Officials looking for COVID-19 statistics to help make public health decisions — such as when to open or close schools, businesses, and community facilities — have plenty data to choose from, including confirmed cases, deaths, hospitalizations, intensive care unit occupancy, emergency room visits, antibody tests, nasal-swab tests, the ratio of positive test results, and more. But interpreting those data can be challenging.
Adrian Raftery, professor of statistics and sociology, is lead author on a new guide published by the National Academies of Sciences, Engineering and Medicine, designed to help officials nationwide make sense of different COVID-19 data sources when making public health decisions.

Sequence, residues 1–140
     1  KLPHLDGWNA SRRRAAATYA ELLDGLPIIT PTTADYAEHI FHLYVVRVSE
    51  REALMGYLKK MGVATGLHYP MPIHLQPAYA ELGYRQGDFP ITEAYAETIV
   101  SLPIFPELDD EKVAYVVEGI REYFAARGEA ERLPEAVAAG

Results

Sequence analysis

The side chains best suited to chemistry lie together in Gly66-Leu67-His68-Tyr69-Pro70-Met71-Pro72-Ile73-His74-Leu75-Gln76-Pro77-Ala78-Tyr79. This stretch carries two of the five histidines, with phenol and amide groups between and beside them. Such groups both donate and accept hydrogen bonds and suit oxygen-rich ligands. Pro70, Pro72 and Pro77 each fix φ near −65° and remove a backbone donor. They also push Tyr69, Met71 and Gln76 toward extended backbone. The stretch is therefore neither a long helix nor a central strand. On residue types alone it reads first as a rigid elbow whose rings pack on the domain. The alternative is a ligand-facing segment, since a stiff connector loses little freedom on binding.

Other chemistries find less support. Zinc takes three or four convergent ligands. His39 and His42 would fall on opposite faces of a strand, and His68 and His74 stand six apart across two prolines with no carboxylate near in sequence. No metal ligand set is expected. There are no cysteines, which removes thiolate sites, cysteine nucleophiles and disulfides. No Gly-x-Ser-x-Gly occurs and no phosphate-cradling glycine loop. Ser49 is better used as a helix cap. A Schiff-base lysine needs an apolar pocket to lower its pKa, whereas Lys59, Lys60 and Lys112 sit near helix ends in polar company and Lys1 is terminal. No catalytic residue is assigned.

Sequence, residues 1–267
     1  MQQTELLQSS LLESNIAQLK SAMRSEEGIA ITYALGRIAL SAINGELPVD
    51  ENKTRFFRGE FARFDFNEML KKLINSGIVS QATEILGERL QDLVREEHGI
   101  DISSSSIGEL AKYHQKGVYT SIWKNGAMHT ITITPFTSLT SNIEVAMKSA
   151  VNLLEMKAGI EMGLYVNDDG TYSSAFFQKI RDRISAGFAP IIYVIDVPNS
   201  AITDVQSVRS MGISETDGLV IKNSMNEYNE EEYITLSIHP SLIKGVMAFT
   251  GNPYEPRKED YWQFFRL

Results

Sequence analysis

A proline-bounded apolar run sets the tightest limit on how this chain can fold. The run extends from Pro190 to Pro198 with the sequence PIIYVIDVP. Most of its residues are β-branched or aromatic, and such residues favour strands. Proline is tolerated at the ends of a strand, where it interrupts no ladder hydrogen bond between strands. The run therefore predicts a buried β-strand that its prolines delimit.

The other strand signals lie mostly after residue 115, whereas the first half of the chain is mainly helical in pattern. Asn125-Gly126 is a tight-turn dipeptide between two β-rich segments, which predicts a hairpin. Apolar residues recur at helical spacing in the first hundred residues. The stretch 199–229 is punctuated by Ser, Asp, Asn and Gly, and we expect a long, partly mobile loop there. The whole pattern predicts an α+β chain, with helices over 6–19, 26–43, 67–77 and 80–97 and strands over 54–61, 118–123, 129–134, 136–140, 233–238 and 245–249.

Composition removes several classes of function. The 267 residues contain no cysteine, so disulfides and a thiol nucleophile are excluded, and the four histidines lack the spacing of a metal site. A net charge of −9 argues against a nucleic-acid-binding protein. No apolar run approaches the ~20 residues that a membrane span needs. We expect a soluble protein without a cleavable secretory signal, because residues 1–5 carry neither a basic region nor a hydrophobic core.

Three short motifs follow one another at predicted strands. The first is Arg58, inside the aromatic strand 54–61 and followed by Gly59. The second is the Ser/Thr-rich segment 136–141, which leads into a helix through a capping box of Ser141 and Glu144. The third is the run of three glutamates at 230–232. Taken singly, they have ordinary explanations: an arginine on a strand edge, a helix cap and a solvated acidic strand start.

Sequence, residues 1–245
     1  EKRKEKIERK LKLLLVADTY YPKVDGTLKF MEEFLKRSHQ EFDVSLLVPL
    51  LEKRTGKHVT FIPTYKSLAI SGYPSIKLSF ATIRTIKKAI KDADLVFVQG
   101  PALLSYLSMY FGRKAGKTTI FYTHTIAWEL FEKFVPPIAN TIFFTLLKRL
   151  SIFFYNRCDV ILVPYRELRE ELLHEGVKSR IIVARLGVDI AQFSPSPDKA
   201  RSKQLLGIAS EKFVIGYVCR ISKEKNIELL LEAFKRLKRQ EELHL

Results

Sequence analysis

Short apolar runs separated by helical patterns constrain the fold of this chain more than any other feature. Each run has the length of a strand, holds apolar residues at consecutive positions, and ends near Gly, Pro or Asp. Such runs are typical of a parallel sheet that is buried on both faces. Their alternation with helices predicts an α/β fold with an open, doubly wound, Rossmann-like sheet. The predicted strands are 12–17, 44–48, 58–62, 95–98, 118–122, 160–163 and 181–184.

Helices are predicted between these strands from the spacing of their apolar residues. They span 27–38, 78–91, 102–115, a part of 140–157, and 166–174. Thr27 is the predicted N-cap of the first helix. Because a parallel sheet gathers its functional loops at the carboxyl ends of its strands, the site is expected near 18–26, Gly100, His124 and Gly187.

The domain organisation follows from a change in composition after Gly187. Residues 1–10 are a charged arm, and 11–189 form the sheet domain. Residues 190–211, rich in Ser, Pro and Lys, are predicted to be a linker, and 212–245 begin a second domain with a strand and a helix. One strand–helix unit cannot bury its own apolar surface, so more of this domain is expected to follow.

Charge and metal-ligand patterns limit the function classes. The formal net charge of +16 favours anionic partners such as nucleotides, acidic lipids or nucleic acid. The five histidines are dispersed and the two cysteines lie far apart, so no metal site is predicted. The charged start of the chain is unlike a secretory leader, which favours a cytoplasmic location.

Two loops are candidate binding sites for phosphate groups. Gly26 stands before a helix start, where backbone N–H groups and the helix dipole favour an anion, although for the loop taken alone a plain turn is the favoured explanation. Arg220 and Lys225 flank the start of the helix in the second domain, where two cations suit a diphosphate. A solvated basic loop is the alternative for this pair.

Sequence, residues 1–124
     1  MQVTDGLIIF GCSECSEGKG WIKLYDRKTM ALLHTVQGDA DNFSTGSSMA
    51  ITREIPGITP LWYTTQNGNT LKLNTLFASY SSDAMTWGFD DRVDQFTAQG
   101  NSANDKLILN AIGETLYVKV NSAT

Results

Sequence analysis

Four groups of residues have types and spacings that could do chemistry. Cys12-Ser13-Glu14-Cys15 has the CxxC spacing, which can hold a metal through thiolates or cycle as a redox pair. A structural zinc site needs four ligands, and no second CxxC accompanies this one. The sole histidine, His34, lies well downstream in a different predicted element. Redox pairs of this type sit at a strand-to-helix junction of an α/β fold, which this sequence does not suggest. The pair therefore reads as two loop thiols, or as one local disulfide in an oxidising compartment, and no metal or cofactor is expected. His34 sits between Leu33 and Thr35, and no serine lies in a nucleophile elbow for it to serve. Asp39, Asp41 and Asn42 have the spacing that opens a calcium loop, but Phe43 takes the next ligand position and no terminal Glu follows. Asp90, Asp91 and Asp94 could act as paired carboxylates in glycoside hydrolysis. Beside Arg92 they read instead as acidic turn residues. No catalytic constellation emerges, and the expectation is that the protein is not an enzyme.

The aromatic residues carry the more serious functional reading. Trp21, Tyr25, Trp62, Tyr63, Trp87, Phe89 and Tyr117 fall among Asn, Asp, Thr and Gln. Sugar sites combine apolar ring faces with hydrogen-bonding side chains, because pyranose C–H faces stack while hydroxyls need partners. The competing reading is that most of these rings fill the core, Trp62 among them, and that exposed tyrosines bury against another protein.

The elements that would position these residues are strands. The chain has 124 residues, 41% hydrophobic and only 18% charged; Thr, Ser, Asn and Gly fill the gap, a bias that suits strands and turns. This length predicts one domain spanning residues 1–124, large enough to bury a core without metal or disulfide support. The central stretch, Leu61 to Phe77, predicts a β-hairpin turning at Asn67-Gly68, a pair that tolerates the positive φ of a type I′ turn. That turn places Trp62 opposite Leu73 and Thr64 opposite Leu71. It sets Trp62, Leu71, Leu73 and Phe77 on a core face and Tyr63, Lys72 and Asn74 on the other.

“We intend for this guide to help these decision-makers and their advisors interpret the data on COVID-19 and understand the upsides and downsides of each data source,” says Raftery, who has worked extensively on statistical methods to measure and estimate the prevalence of other viruses, including HIV in Africa.
The guide is the inaugural project of the National Academies’ Societal Experts Action Network.
Read the complete UW News story about the new guide.